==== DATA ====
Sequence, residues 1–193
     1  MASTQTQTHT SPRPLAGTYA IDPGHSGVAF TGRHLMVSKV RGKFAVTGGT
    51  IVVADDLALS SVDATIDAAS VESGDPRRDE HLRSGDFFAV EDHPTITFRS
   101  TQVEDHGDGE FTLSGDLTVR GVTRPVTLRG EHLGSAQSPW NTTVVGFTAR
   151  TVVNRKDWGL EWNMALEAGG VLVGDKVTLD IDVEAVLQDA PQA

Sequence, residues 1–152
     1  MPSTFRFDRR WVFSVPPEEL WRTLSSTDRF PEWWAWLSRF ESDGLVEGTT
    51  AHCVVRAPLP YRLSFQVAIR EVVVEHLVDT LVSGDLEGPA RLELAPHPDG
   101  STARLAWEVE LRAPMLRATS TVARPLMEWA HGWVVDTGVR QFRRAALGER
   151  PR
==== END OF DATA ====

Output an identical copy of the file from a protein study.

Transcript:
Sequence, residues 1–193
     1  MASTQTQTHT SPRPLAGTYA IDPGHSGVAF TGRHLMVSKV RGKFAVTGGT
    51  IVVADDLALS SVDATIDAAS VESGDPRRDE HLRSGDFFAV EDHPTITFRS
   101  TQVEDHGDGE FTLSGDLTVR GVTRPVTLRG EHLGSAQSPW NTTVVGFTAR
   151  TVVNRKDWGL EWNMALEAGG VLVGDKVTLD IDVEAVLQDA PQA

Sequence, residues 1–152
     1  MPSTFRFDRR WVFSVPPEEL WRTLSSTDRF PEWWAWLSRF ESDGLVEGTT
    51  AHCVVRAPLP YRLSFQVAIR EVVVEHLVDT LVSGDLEGPA RLELAPHPDG
   101  STARLAWEVE LRAPMLRATS TVARPLMEWA HGWVVDTGVR QFRRAALGER
   151  PR